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The staffs of Senators Joe Lieberman (I–CT, now retired) and Susan Collins (R–ME) who wrote the bill did a very good job reaching out to a wide array of actors from the public and private sectors to try to bridge the gap between the different camps.As the vote neared, the staff members tried to soften several areas that opponents found objectionable.In cybersecurity, however, such actions go against the wisdom of the majority of major technology businesses and government auditors such as the GAO, who feel that cyber regulations will foster a “culture…focusing on compliance with cybersecurity requirements, rather than a culture focused on achieving comprehensive and effective cybersecurity.”[7] It is clear that together with other concerns over innovation and costs, the dynamic nature of cyber is not amenable to the strait jacket of regulation. S faces from adversaries in the cyber realm are real and daunting.While there is disagreement over the correct role of the federal government in cybersecurity, there is little disagreement that something must be done to improve the U. Indeed there are three tiers of cyber threats to consider. Through dynamic and cost-effective solutions, Congress can make cyberspace a safer and more productive place for U. More important, they misunderstand that their own cyber insecurity has collateral effects on others—effects for which they are responsible. Government Accountability Office (GAO) has found, such an approach would be more like an anchor holding back U. entities while not providing additional security.[3] Congress should reject a regulatory approach and adopt legislation that will actually improve the nation’s cybersecurity. faces significant cybersecurity threats that jeopardize America’s critical infrastructure, the freedoms that Americans exercise online, and the economic viability of U. To mitigate these threats, this paper provides a framework for congressional action that harnesses the power of U. industry and ingenuity, while safeguarding the freedoms and privacy of individual citizens. Failure to take responsible action, however, leaves the U. Non-state actors such as Hamas and Hezbollah have also shown the capability to employ cyber methodologies and criminal organizations from around the world, and have acted as hired guns as well as on their own, using cyber tools as their weapon of choice.[1] Cyber espionage is rampant, with U. companies estimated to be losing a staggering 0 billion every year in intellectual property.[2] The latent nature of this threat leads many people to forgo investment in security because it has not yet harmed their organization or because they mistakenly believe that they have nothing a cyber adversary would want.This is exactly the wrong approach for dealing with the fast-moving and incredibly dynamic field of cybersecurity.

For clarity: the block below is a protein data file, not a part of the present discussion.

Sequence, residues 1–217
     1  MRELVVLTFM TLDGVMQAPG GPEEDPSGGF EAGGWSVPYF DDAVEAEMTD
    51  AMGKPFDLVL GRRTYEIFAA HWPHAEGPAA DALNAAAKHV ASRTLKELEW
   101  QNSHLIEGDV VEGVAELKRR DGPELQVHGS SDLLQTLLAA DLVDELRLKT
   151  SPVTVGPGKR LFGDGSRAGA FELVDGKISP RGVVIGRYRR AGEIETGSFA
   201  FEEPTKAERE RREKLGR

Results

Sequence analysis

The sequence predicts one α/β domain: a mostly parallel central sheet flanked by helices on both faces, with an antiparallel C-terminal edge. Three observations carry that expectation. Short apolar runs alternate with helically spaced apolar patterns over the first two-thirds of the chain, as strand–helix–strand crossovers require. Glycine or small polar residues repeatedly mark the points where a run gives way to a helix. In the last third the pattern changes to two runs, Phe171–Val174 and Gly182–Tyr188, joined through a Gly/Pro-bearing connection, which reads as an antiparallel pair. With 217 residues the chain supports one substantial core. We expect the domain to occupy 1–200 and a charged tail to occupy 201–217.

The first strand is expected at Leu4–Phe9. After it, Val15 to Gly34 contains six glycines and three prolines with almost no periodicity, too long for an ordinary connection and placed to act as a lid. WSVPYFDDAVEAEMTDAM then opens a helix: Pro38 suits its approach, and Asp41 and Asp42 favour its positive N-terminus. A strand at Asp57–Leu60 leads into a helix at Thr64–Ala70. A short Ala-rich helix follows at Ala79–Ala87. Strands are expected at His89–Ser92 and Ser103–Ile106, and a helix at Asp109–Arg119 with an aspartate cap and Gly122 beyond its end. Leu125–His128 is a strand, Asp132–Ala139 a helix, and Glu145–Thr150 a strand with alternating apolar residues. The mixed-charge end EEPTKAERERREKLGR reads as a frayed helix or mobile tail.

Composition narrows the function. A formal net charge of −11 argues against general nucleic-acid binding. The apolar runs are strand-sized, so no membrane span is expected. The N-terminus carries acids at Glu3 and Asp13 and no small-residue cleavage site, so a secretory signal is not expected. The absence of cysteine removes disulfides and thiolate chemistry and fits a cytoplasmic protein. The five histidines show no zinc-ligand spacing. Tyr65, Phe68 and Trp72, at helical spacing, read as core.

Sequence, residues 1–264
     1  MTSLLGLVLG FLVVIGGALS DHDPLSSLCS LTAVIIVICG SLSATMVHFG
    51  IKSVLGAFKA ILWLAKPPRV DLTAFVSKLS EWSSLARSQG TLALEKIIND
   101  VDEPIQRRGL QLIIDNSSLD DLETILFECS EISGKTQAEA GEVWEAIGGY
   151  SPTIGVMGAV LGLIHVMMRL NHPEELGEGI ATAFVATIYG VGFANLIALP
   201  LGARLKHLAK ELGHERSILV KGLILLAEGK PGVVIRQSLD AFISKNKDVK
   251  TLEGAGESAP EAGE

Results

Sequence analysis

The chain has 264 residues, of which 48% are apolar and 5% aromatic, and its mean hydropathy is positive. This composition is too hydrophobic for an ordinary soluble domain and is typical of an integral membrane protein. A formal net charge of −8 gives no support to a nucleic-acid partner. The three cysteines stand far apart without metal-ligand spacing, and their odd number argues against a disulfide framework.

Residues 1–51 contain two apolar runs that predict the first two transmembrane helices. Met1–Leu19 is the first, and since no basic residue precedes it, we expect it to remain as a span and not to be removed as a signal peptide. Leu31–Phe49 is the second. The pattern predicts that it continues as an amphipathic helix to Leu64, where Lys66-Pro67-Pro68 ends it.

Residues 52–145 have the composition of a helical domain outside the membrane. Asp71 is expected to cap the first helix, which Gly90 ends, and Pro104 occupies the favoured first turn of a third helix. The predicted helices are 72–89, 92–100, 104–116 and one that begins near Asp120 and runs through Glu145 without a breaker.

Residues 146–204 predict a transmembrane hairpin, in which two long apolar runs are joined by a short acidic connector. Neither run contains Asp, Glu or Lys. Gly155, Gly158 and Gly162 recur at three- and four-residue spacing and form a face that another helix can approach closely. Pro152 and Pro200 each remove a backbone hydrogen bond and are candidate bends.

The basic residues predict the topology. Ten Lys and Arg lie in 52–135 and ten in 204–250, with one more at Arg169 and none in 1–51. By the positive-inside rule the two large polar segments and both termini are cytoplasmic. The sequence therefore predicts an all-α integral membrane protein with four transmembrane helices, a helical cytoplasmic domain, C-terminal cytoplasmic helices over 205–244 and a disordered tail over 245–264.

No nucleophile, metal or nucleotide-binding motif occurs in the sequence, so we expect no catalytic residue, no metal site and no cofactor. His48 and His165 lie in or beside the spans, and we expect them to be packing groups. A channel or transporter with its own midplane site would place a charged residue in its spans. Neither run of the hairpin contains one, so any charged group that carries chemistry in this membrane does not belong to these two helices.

There are seven key components that need to be included in truly effective cyber legislation: The 112th Congress tried, and failed, to pass comprehensive cybersecurity legislation.

While they deserve commendation for their efforts, the revisions were not satisfactory: The key revision to the CSA made cybersecurity standards voluntary.

Individual regulatory agencies, however, could have promulgated regulations that would have made these voluntary standards mandatory in specific sectors.

The federal government has had at least 65 cybersecurity breaches and failures, with at least 13 of those occurring recently.[6] Given that it cannot protect its own networks, it should not be responsible for determining standards for the private sector.

President Obama’s executive order indicates that he favors a regulatory approach to cybersecurity.

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